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The Energy-Boosting Molecule You Need to Know About

Photo: Shebeko/Shutterstock

More drive, a higher metabolism, and better performance in the gym—these can all be yours, thanks to a little-known substance in your cells, groundbreaking research shows. Called nicotinamide adenine dinucleotide (NAD), "it's one of the most important factors in the human body for energy," says Anthony A. Sauve, Ph.D., an associate professor of pharmacology at Weill Cornell Medicine. "NAD helps our systems use food and exercise for strength and stamina." (Boosting your body's nitric oxide levels can also help incrase your energy.)

Although your production of NAD declines naturally every year—the body produces 20 percent less at age 40 than it did when you were in your teens and 20s, Sauve says—there are targeted techniques to help you increase your levels of the molecule. Read on for the most effective ways to dial them up—and boost your vitality, endurance, fitness, and health.

Eat more guac.

Your body converts vitamin B3, a.k.a. niacin, into NAD, so you need to keep your levels of this nutrient steady. One key way to do that: Watch your fat intake. "Studies show that a high-fat diet inhibits the body's ability to turn B3 into NAD, causing levels to decline over time," Sauve says. Aim to get no more than 35 percent of your total daily calories from fat—that's 78 grams on a 2,000-calorie diet. Focus on healthy sources of unsaturated fats, such as avocados and fish. (These fish tacos are a double whammy.)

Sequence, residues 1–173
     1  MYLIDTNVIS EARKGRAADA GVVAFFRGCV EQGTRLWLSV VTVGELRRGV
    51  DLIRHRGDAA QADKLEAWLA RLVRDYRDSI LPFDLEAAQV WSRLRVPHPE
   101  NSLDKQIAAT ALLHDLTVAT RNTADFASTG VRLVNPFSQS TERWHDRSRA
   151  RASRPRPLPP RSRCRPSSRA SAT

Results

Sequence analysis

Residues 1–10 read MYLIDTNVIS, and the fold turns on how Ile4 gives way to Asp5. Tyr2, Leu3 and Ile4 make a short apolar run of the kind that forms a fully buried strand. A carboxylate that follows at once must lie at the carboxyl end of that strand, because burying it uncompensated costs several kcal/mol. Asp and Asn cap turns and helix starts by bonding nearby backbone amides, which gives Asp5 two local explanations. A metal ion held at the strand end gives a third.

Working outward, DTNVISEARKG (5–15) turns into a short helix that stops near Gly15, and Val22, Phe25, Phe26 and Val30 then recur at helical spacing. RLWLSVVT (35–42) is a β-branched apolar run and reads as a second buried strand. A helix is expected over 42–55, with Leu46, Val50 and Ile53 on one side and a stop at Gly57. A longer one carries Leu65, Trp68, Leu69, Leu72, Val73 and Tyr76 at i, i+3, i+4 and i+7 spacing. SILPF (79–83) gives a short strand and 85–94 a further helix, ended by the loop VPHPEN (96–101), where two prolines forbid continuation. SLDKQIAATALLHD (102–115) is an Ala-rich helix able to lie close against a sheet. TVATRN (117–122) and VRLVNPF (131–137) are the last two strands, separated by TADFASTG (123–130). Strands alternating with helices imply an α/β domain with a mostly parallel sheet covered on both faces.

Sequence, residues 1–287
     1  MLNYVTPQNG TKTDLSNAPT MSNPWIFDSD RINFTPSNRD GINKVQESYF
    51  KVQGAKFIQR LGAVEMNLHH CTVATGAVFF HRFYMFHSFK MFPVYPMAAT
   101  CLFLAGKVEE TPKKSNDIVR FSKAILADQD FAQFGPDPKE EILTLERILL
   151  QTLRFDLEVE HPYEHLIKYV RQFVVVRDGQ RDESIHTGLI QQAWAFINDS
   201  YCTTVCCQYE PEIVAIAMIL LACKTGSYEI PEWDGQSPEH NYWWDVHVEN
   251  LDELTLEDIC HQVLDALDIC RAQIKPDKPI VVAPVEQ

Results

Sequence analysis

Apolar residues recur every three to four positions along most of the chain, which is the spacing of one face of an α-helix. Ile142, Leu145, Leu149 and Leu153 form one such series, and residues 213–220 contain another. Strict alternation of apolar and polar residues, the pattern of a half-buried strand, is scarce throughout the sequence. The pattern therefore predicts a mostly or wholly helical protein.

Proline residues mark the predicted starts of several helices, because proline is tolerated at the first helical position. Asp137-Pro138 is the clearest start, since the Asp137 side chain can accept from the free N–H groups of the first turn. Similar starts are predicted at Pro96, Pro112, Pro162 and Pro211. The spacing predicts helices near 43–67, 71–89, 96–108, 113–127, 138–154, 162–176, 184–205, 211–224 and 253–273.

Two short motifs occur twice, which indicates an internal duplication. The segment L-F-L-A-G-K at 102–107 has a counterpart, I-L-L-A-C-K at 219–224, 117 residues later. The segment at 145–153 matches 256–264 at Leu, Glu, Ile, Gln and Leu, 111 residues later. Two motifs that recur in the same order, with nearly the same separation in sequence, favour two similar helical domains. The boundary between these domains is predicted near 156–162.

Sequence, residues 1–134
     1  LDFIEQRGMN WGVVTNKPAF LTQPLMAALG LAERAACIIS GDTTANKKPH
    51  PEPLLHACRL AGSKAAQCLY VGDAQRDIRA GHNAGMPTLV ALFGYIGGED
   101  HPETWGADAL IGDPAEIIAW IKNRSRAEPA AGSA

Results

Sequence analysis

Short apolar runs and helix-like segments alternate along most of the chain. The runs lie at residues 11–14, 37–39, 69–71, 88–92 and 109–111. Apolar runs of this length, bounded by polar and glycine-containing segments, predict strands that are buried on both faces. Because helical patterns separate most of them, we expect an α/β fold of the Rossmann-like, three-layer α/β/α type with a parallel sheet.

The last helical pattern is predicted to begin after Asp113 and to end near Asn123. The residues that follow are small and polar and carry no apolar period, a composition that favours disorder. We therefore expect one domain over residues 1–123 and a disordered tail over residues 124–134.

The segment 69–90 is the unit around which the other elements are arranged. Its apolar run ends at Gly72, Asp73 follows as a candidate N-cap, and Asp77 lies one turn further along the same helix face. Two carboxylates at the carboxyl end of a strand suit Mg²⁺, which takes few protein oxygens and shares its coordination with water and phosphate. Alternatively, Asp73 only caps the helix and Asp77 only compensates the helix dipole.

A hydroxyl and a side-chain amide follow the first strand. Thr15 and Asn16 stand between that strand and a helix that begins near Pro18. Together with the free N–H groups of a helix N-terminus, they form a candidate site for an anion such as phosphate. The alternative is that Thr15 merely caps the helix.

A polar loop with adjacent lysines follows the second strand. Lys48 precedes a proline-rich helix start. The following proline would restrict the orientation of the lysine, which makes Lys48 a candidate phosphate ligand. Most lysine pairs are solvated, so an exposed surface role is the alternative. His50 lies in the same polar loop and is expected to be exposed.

Shield and protect.

"Studies have shown that getting too much sun can deplete your skin stores of NAD," Sauve says. That's because the body uses it to repair cells damaged by UV rays—if you regularly skip sunscreen or bask in the rays for hours, your NAD levels will sink. To prevent this, apply (and reapply) sunblock to exposed skin all year and wear UV-blocking sunglasses whenever you go outside, Sauve says.

Find your workout yin and yang.

Weight lifting and HIIT are both crucial to increase NAD production. "Exercise forces muscles to strengthen and produce more mitochondria, the molecules that give your cells energy, and it also boosts NAD levels," Sauve says. Working out helps your body get rid of old or damaged mitochondria too, which makes your muscles healthier and more responsive to exercise. A combo of strength and HIIT is most effective at boosting mitochondrial function, research shows: Do three to four days of HIIT and two days of strength training a week. (Related: Does Strength Training Once a Week Actually Do Anything for Your Body?)

Do a test run.

A newly discovered form of vitamin B3 called nicotinamide riboside (NR) can bump up NAD as well. The best way to get it is through a supplement. But Josh Mitteldorf, Ph.D., the author of Cracking the Aging Code, says it's not clear whether or not everyone needs to turn to pills. He suggests trying an NR supplement for two weeks, then ditching it for two weeks and repeating the cycle once more. If you notice an uptick in energy, workout performance, or general well-being while you're taking the pills, keep it up. If not, skip it and stick with the other strategies here.

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